Fear of new foods affects up to one in every five children, typically when they’re between 18 months and two years old. But getting them involved with making their meal, whatever their age, can often help make sure they try what’s on the plate.
Stick with it. It can take up to fifteen tries of a new food before children accept it, and their tastes will often change. Every now and then, try them again with a food they’ve said no to in the past
Don’t use favourite foods as a reward if your child tries something new – you’re only making them prize those foods even more
Start small. Give them a tiny taste of a new food first – they can always have more
Give them control – let them spit it out if they really don’t like it!
Praise them for having a go
Take them shopping. When you’ve got time, explore the fruit and veg aisle with them and get them choosing a new fruit or veg they haven’t tried before
Serve children what you’re eating – they’re more likely to try things that the whole family’s tucking into
Presenting food for fussy eaters
Let kids serve themselves. Put the different parts of the meal in different bowls and let them fill their own plates. Encourage them if you need to
Be creative – use foods of different shapes and colours
Give them small servings at first. They can always have seconds but can feel put off by big portions
Bring the food to life. A simple noodle soup? ‘Wiggly Worm Soup’ sounds so much more fun….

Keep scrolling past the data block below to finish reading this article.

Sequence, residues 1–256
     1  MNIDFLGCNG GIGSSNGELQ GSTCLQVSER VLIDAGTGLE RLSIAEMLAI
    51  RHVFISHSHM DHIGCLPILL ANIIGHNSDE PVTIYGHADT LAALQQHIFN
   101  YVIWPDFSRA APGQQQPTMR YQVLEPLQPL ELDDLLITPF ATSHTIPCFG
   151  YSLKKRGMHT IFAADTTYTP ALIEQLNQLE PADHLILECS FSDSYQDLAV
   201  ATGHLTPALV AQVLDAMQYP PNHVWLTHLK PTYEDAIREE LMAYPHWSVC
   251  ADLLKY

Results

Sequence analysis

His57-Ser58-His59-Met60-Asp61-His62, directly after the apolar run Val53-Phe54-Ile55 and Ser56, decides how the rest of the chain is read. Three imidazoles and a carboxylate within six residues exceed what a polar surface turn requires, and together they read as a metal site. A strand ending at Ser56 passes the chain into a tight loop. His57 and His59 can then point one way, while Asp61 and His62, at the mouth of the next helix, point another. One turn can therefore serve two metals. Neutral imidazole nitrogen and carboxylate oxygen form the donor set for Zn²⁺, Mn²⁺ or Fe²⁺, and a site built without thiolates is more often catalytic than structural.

Individual-sized portions in smaller dishes makes you feel like the food was made especially for you – and can make kids more likely to eat it
Creating a good mealtime
Mealtimes are about so much more than food. Try to sit down together to eat whenever you can, turn off the TV and use the time to chat – research shows this also helps build children’s confidence
As frustrating as it is, don’t get cross or force children to eat. Take their plate away without comment if they haven’t eaten what’s on it
Try and stick to set mealtimes, to help make sure they’re not too tired or hungry to eat
Use positive peer pressure – invite other children who are good eaters to join you for a meal; it can work wonders!
Helping children learn what different foods feel, smell, look and taste like is one of the best ways to combat fussy eating. But if there are still some fruits and vegetables that your kids just won’t entertain, you might need to get a bit sneaky as a last resort. Ultimately, it’s about helping them eat a good diet
Add cooked and mashed carrots, butternut squash, sweet potato or swede to normal mashed potato
Throw carrots, peppers and onions into bolognese sauce
Try our secret ingredient for chocolate cake – beetroot keeps it beautifully moist